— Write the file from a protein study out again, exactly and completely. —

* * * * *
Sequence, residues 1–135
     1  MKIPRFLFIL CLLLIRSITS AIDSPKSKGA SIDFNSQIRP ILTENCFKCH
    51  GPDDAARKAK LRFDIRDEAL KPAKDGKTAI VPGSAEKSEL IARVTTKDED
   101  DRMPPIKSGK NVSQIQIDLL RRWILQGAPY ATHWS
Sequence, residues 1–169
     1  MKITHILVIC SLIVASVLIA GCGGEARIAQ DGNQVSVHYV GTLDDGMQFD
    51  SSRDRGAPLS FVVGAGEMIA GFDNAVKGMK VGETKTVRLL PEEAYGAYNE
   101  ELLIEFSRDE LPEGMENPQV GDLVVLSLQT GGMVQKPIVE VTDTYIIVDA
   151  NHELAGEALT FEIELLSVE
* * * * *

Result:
Sequence, residues 1–135
     1  MKIPRFLFIL CLLLIRSITS AIDSPKSKGA SIDFNSQIRP ILTENCFKCH
    51  GPDDAARKAK LRFDIRDEAL KPAKDGKTAI VPGSAEKSEL IARVTTKDED
   101  DRMPPIKSGK NVSQIQIDLL RRWILQGAPY ATHWS
Sequence, residues 1–169
     1  MKITHILVIC SLIVASVLIA GCGGEARIAQ DGNQVSVHYV GTLDDGMQFD
    51  SSRDRGAPLS FVVGAGEMIA GFDNAVKGMK VGETKTVRLL PEEAYGAYNE
   101  ELLIEFSRDE LPEGMENPQV GDLVVLSLQT GGMVQKPIVE VTDTYIIVDA
   151  NHELAGEALT FEIELLSVE